Within the past nine days the Cal Poly community has experienced something unimaginable: three women have come forward saying that they were raped. The first rape occurred on Saturday, May 7 at the fraternity Sigma Phi Epsilon (Sig Ep), the second (May 12) and third (May 15) at on campus apartments where many second year students live. Although alcohol was involved in all three assaults, police are saying they are three different incidences and that none are linked.
The initial press release that was sent out by campus police after the rape at Sig Ep caused an uprising with students who felt as though the campus police were blaming the victims for what happened to them. Once the second rape was reported, President Jeffrey Armstrong sent out an e-mail to the campus community saying how sorry he was for the women involved and asking how the campus can become a community of change following these incidences.
His e-mail states: “Beyond our concern for the women involved – and my heart goes out to both young women — the most useful questions we can ask right now are simple: What can we learn from these incidents? What more will we do as a community to prevent sexual violence? What more will we do to eliminate use of illegal drugs and reckless consumption of alcohol?”
Many students have rallied behind the women, saying that, no matter what, the women are not at fault. Their statements come in contrast to yet other students who feel as though some of the blame should be on the women who perhaps drank too much at a party or don’t remember hooking up with the guy that they ended up sleeping with. One student has turned himself in with connection to the Sig Ep rape; the two other suspects have not been arrested and will remain out of police custody until the police have figured out how to proceed with the evidence and arrests.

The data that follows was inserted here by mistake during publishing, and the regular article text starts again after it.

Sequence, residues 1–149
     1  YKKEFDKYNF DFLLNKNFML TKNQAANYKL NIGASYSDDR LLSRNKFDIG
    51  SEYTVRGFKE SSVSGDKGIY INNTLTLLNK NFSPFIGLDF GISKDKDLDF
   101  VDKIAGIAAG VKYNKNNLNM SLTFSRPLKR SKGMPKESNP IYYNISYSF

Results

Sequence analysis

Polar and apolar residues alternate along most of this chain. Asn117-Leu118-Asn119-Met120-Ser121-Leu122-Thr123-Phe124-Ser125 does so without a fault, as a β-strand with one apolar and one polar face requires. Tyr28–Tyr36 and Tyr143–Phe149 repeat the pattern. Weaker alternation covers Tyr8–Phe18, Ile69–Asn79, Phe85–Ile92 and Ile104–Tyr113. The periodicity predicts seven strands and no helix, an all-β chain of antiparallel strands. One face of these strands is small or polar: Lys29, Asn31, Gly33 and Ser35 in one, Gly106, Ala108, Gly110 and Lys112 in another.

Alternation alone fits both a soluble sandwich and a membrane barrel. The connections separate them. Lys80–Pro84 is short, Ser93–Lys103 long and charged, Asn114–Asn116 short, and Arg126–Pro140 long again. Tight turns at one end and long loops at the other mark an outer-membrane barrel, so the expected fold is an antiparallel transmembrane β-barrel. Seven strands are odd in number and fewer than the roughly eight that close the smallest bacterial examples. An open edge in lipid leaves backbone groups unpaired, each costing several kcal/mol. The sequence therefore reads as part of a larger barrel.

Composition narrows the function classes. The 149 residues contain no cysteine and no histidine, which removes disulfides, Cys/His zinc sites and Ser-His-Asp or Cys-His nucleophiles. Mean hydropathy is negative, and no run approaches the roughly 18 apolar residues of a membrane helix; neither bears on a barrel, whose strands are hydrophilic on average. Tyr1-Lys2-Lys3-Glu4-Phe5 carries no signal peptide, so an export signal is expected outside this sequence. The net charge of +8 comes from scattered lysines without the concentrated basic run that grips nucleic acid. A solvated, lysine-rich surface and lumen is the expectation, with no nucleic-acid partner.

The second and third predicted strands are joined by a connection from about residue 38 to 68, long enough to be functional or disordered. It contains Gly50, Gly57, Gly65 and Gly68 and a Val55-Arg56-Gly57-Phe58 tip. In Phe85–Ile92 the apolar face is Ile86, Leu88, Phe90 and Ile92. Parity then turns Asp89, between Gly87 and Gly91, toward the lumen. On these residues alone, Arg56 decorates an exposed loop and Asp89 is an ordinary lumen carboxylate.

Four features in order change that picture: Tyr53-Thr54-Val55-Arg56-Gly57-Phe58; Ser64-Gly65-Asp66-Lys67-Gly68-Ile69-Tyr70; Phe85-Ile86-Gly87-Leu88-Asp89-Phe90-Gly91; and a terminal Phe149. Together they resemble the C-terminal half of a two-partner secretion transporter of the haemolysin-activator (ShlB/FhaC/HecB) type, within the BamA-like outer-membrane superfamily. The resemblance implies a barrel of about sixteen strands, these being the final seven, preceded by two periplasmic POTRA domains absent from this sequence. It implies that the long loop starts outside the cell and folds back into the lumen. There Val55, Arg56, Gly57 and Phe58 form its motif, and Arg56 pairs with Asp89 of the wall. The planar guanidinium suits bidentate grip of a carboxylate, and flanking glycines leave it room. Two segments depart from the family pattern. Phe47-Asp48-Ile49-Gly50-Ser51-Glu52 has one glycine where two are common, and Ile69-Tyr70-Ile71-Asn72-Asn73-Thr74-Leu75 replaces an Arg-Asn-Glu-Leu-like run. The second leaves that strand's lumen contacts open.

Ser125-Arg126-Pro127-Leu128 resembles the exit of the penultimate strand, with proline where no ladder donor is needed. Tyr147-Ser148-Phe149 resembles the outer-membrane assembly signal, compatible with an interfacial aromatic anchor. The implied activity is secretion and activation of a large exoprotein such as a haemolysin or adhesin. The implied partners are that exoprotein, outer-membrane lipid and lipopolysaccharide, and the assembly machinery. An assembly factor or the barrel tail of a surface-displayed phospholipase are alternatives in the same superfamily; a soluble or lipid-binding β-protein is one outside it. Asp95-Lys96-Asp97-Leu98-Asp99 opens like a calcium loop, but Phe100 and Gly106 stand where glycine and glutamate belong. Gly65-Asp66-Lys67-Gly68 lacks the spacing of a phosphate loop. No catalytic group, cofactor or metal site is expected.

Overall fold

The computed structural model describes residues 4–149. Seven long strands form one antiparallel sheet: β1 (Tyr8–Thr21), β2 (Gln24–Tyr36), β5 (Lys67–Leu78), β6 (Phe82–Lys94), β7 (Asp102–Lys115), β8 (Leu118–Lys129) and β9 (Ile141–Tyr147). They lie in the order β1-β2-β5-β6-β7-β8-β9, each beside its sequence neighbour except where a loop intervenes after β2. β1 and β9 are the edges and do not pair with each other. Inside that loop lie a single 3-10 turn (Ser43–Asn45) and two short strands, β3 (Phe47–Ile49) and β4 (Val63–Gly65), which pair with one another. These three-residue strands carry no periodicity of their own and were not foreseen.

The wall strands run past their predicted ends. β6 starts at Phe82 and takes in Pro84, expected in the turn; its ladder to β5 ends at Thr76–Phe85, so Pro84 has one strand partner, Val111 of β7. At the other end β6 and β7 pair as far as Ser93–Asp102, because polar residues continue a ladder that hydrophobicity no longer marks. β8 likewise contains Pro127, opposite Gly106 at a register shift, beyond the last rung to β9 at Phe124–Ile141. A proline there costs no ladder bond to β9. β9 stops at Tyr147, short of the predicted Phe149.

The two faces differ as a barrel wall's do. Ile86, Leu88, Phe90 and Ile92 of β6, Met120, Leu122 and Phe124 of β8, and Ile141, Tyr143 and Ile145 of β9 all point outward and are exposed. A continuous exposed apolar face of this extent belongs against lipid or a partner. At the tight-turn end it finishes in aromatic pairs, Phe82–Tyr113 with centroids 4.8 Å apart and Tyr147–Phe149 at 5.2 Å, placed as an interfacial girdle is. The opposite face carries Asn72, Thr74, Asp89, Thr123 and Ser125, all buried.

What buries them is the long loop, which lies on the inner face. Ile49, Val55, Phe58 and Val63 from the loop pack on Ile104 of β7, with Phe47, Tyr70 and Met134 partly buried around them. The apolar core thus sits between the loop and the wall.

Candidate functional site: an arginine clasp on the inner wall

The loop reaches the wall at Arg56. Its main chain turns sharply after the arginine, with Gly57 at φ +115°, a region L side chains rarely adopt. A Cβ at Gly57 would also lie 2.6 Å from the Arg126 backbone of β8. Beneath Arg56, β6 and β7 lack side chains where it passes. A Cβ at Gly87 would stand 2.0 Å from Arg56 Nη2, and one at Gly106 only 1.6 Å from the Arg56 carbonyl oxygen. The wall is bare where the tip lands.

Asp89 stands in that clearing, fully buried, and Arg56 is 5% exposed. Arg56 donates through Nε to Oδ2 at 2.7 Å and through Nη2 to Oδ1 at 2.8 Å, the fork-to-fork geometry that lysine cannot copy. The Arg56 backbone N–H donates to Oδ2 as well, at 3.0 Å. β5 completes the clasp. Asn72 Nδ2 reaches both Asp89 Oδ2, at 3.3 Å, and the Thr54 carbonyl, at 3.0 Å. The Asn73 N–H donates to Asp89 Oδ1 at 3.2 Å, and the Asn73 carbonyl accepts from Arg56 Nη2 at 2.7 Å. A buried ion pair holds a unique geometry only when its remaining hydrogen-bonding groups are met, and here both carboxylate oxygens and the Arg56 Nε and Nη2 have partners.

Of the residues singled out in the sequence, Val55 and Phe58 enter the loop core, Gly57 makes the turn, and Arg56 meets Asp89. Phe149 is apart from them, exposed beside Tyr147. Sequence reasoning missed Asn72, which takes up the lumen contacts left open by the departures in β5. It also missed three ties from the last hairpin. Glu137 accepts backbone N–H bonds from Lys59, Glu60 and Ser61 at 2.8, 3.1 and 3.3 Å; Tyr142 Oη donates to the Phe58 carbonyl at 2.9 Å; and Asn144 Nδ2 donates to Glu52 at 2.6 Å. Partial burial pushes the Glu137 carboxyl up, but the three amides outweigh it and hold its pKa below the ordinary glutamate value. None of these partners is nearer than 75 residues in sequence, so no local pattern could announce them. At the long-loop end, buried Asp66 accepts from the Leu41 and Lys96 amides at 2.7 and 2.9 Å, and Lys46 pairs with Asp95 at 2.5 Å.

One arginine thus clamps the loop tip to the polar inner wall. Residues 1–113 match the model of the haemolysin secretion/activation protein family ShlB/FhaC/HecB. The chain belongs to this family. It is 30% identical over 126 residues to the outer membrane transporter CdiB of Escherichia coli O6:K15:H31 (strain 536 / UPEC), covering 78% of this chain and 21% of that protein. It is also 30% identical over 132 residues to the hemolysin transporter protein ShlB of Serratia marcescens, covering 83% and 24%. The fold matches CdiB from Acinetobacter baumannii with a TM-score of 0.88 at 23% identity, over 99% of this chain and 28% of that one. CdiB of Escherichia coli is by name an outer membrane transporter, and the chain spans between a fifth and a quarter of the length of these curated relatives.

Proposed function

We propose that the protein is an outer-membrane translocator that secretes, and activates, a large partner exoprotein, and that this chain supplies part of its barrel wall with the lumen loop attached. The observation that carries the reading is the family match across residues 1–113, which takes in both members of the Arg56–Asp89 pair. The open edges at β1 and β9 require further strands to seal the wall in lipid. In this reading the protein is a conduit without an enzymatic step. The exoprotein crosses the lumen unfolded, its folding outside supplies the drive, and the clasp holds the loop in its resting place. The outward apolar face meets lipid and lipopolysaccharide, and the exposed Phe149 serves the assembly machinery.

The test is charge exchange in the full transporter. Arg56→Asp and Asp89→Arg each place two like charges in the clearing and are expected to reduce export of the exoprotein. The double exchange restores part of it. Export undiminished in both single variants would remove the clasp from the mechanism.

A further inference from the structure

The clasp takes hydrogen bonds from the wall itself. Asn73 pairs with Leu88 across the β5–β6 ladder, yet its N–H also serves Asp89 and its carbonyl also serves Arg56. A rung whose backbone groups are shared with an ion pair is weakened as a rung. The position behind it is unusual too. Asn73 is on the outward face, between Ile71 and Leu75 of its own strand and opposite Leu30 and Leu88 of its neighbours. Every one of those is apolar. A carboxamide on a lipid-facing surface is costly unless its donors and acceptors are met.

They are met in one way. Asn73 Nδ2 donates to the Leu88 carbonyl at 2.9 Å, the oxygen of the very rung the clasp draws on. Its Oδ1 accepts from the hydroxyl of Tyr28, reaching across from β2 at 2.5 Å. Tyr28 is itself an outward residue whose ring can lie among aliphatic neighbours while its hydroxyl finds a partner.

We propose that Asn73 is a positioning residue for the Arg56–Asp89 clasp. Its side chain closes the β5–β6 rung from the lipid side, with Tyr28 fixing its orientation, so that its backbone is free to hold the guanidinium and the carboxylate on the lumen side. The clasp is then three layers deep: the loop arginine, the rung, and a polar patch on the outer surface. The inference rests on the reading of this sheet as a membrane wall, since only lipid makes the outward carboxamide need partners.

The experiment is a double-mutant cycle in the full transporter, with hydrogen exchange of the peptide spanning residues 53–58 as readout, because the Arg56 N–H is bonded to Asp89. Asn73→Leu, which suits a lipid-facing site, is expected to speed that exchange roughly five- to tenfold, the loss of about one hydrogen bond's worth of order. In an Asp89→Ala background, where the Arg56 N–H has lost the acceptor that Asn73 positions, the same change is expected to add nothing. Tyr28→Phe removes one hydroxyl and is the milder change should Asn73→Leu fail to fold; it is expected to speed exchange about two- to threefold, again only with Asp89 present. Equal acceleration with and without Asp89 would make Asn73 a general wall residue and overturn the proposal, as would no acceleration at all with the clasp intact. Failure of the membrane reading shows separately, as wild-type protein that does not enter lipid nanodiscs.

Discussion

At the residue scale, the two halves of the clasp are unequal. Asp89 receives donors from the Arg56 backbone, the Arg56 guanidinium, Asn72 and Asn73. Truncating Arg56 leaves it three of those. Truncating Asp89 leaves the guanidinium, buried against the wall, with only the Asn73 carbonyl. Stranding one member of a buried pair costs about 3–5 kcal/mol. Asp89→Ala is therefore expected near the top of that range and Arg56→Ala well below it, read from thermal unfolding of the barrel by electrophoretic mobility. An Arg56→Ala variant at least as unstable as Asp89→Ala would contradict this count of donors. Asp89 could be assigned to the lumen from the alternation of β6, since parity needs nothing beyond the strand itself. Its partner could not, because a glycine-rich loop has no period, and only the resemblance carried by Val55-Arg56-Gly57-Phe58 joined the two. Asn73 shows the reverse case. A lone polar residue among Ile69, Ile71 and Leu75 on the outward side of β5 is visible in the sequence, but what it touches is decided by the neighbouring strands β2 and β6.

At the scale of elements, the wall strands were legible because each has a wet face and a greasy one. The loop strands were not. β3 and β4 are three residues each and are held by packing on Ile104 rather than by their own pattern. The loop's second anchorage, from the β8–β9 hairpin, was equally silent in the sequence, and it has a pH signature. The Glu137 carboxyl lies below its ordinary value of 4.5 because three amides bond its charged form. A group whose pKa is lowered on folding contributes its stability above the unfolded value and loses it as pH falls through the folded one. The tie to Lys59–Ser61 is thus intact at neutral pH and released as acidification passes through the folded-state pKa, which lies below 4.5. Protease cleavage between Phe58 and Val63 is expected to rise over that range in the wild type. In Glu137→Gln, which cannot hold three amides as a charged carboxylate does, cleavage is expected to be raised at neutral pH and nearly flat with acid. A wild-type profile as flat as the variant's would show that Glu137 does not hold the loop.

Students who know the man who turned himself in are confused and unsure of what the real story is. Many people don’t realize that most rapes are committed by somebody the victim knows.
Joseph Trupiano, the student who turned himself in with connection to the Sig Ep rape, has been described by friends as caring, compassionate, and “a stand-up guy.” Many of them do not understand how he could be involved with such a serious crime.
Armstrong also explained how important it is for fellow students, friends, and party goers to stand up and stop acts of sexual violence in the future. “This is not who we are as members of the Cal Poly community,” he explained. “This is not merely unacceptable behavior; this is deplorable, contemptible, infuriating behavior. Perhaps some who failed to report what they knew stemmed from a fear that they would be in trouble as well. That’s a change in culture we must embark on immediately. Others, perhaps, simply didn’t care. I don’t know that we can fix that sort of calloused behavior, but we surely must try.”
Local media stations have been quick to pick up on these stories. Questions have arisen about whether these reports show an increased number of sexual assaults, or whether the reports simply show an increase in confidence that coming forward about rape will be taken seriously. President Armstrong has set up a task force in order to figure out how to address the most recent rapes, as well as prevent similar acts of sexual assault from happening in the future.